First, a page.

Friday, May 16, 2014

Julian Schnabel A View of Dawn in the Tropics: Paintings 1989-1990 Art Show Review

Julian Schnabel  
A View of Dawn in the Tropics: Paintings 1989-1990 Gagosian Gallery May 2014

Schnabel’s career has been quite controversial and varied thus far, but everything he does centers on his work. I love how in interviews he always redirects you back to his paintings. He obviously cares deeply about painting, the history of it and his place in it. I can’t imagine success at Schnabel’s level can be easy as the art world is well known for ruining lives. It is refreshing to look back at a slice of Schanbel’s contribution to the art world of the late eighties to early nineties and see his success in the work too.

Schnabel does what many good painters do; he experiments with his materials and surfaces to conjure new imagery in a way that produces art.

Yes, there is little evidence of the scraping and covering that goes along with an image hard fought for but Schanbel undoubtedly knows his craft and knows when to stop. He has a voice, preferences, and limitations like all artists but works well within that world.

“Little Later” is my favorite piece in the show. It looks like the piece was painted with a tossed pair of jeans thrown repeatedly across the canvas but you only notice this close up. Getting back a fully formed & colorful piece of abstract art is produced. Darks and lights are placed carefully to make a good composition.

I am beginning to understand what it means to have claustrophobia, which Schnabel has. Surfing, painting outside, living in a huge pink castle in the middle of New York City, moving from New York to BrownsvilleTexas at age 15 all seem to have an influence on these works.

Modern day painters should consider and reconsider Schnabel’s art. Not enough artists play and mess with their materials and surface the way Schnabel does. Drag a canvas behind your car while driving over a dirt road, then a paved one. Perhaps your next stop to get something to paint on should not involve a 40% off coupon from Hobby Lobby.

Friday, May 2, 2014

3 painters I am thinking about

3 painters I am thinking about.

All landscape artists. Each artist’s work results in art that has a unique voice & is full of skill and talent.

Allison’s work has a perfect balance of color and linear perspective and direct decision making showing few scars of any doubt or fear. The verticals and horizontals reference the edges of the canvas the piece lives on. This helps to pull you into her landscape and you can’t really be anywhere else. The forms fit perfectly together across a series of works. I imagine it took decades and decades to be able to paint like this, and the pieces seem to be hard won and fought for. Allison must have stared at and considered landscapes way longer than most of us and the work has paid off in an artistic language system that is unique and consistently high quality.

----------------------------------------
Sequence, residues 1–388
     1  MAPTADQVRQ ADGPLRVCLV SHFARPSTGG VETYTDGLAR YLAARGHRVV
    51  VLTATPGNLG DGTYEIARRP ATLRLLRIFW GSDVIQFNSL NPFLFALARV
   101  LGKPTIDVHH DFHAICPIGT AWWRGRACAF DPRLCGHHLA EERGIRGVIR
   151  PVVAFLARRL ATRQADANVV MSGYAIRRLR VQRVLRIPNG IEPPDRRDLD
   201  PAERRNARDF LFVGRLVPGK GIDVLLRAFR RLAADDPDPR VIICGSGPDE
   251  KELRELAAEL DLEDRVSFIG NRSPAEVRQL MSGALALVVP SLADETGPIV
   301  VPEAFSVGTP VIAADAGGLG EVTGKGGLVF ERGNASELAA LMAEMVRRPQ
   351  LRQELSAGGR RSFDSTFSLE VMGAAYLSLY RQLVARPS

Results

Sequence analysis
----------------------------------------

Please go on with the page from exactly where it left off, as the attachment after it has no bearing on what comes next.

Lynn’s paintings easily shift from realistic to abstract. She can turn the photo lens on her work in and out at any moment to give you a detailed or abstracted view of a landscape that is satisfying and full of joy. This skill embeds it self in the abstracted and the realistic works and it’s beautiful to see the process inherent in both that relates to direct observation. The color palette is decidedly different from Allison’s; more Midwestern maybe with a certain type of light that comes from direct sunlight where Allison’s landscapes seem to have more of the snow’s light in them. The way birch trees are handled says a lot about Lynn & Allison’s work. Lynn’s edges are softer and bear the scars of a drawing practice; lines define edges as opposed to the lines being the forms themselves as is the case with Allison’s work. Lynn outlines the space more organically while Allison’s directness and economy says a lot with less giving the space a certain power found in handwriting and advertising.

Peter’s work seems to struggle with it self a little more than Lynn & Allison’s work.
His palette is decidedly darker and more urban but extremely and surprisingly color-complex. There is no aerial perspective to my eye here. There are just lots of data up front in the space that seems to fights for air within itself. The lines carve out a space that scares and confines.
The canvases here are way larger than Allison’s or Lynn’s work in the same way life in New York City engulfs and takes over your psyche more than a landscape in the Midwest or Northeast might. You can hide and run through Peter’s paintings. Hofmann’s statement that “the line originates in the meeting of two planes” is sometimes ignored but then given full value.
Peter’s work reminds you that the world is not a safe place and you are going to have to negotiate and compromise your core values somewhat if you want to survive. You may want to push over an old lady over to get on the subway. Pressure and stress may get the best of you for a bit but you’ll see your way out of it eventually and feel like you have done something good. If god created the landscape in Allison’s & Lynn’s work men and women who work their lives away sculpted the landscape Peter is making. Everything natural is covered by something constructed. The world here is a city that is claustrophobic but absolutely necessary.